My predictions, which were from modeling the simple relationship of deaths to cases three weeks prior, were fairly accurate. The only under-prediction was Texas, which seems to have returned to its predicted numbers. See below for actual (solid line - as of today) versus predictions (dashed - as predicted two weeks ago: https://salthillstatistics.com/posts/81) .
So now most outbreak states of two weeks ago have leveled off or started to decline. This could mean one or more of a few things: a) the age distribution of infections has changed considerably since March, and now younger people are getting it and not spreading it to older populations, b) our treatment has improved/hospitals are not overwhelmed; thus, fewer are dying, c) more generally, whatever measures we are employing like continued social distancing, fewer indoor activities, and mask-wearing (inside -- outside doesn't matter) are keeping the reproduction rate near or below 1. Likely it is some combination of these. This is good news. For example, Florida, with about the same population size, but with more older people, looks like it will fair far better than NY (right now it is at one-fifth the death rate, so even if total deaths there double, it will still be less than half of NY). What of the next few weeks?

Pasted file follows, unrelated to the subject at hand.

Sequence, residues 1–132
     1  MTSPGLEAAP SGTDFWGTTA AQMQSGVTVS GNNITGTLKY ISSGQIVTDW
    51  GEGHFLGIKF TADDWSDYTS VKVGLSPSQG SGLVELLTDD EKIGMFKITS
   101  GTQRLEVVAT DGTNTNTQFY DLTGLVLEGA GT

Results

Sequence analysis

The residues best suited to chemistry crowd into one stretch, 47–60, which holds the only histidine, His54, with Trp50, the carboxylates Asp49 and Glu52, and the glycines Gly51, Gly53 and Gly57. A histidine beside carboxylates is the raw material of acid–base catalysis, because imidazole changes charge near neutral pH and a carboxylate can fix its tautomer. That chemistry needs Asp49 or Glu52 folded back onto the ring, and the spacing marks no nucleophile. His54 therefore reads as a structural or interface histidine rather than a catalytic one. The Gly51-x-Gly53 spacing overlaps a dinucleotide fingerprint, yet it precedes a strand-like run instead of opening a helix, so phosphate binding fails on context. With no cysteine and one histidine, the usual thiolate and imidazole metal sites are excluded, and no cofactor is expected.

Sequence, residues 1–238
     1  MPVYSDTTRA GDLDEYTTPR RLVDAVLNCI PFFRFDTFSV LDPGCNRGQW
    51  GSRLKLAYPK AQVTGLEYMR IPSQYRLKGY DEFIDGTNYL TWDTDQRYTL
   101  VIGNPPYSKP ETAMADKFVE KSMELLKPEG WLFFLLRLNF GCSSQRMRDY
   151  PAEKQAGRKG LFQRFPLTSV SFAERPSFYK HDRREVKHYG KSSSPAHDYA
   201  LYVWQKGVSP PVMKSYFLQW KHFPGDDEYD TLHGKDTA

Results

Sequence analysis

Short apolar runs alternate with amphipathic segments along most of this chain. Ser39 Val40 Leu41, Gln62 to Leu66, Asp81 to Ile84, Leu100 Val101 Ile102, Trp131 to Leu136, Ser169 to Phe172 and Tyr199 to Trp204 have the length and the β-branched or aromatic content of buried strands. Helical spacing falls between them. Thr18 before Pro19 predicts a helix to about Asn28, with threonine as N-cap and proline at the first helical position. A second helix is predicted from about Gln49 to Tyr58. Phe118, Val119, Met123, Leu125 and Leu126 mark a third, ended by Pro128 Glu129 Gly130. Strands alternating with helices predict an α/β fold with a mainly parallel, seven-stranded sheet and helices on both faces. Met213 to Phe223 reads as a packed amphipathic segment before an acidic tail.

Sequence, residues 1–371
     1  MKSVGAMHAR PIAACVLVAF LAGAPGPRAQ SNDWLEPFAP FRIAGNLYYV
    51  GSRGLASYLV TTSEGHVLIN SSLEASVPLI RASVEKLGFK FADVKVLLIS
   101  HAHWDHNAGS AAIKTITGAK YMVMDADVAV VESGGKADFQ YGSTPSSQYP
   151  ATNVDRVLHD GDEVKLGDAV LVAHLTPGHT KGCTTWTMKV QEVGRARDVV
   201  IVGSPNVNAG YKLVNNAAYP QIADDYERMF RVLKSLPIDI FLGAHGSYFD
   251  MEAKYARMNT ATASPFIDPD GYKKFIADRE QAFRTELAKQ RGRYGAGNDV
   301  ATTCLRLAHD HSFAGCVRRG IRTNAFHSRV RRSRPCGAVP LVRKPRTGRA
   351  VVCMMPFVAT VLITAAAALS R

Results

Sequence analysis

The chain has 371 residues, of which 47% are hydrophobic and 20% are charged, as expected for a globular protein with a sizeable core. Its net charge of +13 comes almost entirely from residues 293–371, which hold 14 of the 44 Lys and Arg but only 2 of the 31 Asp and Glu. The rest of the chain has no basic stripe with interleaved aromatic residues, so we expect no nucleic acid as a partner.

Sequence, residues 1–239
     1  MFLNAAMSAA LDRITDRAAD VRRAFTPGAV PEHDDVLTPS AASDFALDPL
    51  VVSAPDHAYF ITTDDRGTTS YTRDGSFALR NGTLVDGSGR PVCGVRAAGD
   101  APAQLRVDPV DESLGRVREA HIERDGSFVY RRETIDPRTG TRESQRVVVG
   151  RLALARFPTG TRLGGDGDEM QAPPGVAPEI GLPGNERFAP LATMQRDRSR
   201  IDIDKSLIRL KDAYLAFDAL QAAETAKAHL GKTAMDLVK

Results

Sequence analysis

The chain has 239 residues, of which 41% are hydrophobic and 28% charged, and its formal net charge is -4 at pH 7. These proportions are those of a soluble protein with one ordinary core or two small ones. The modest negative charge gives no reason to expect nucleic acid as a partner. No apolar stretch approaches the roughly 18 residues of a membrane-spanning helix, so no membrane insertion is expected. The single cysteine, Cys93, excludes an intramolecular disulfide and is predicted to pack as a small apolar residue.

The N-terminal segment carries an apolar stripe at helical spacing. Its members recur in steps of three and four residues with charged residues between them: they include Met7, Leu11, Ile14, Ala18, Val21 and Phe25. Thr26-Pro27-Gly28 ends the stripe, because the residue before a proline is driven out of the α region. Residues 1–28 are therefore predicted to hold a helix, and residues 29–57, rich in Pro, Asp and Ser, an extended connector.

I used the same model--merely looking at deaths the last few weeks versus cases three weeks prior (note that I added Georgia and removed Louisiana in honor of Georgia's school reopening). It looks like all the states have hit their peaks, though Texas may have another short surge, if their numbers can be believed. See the graph below.
My conclusion: the latest outbreak has ended. Will the reopening of schools spark another? My guess is that it will not, for the same reasons that cases have already peaked: young people do not get very sick, and many people, especially susceptible ones, are generally being more careful. But only time will tell.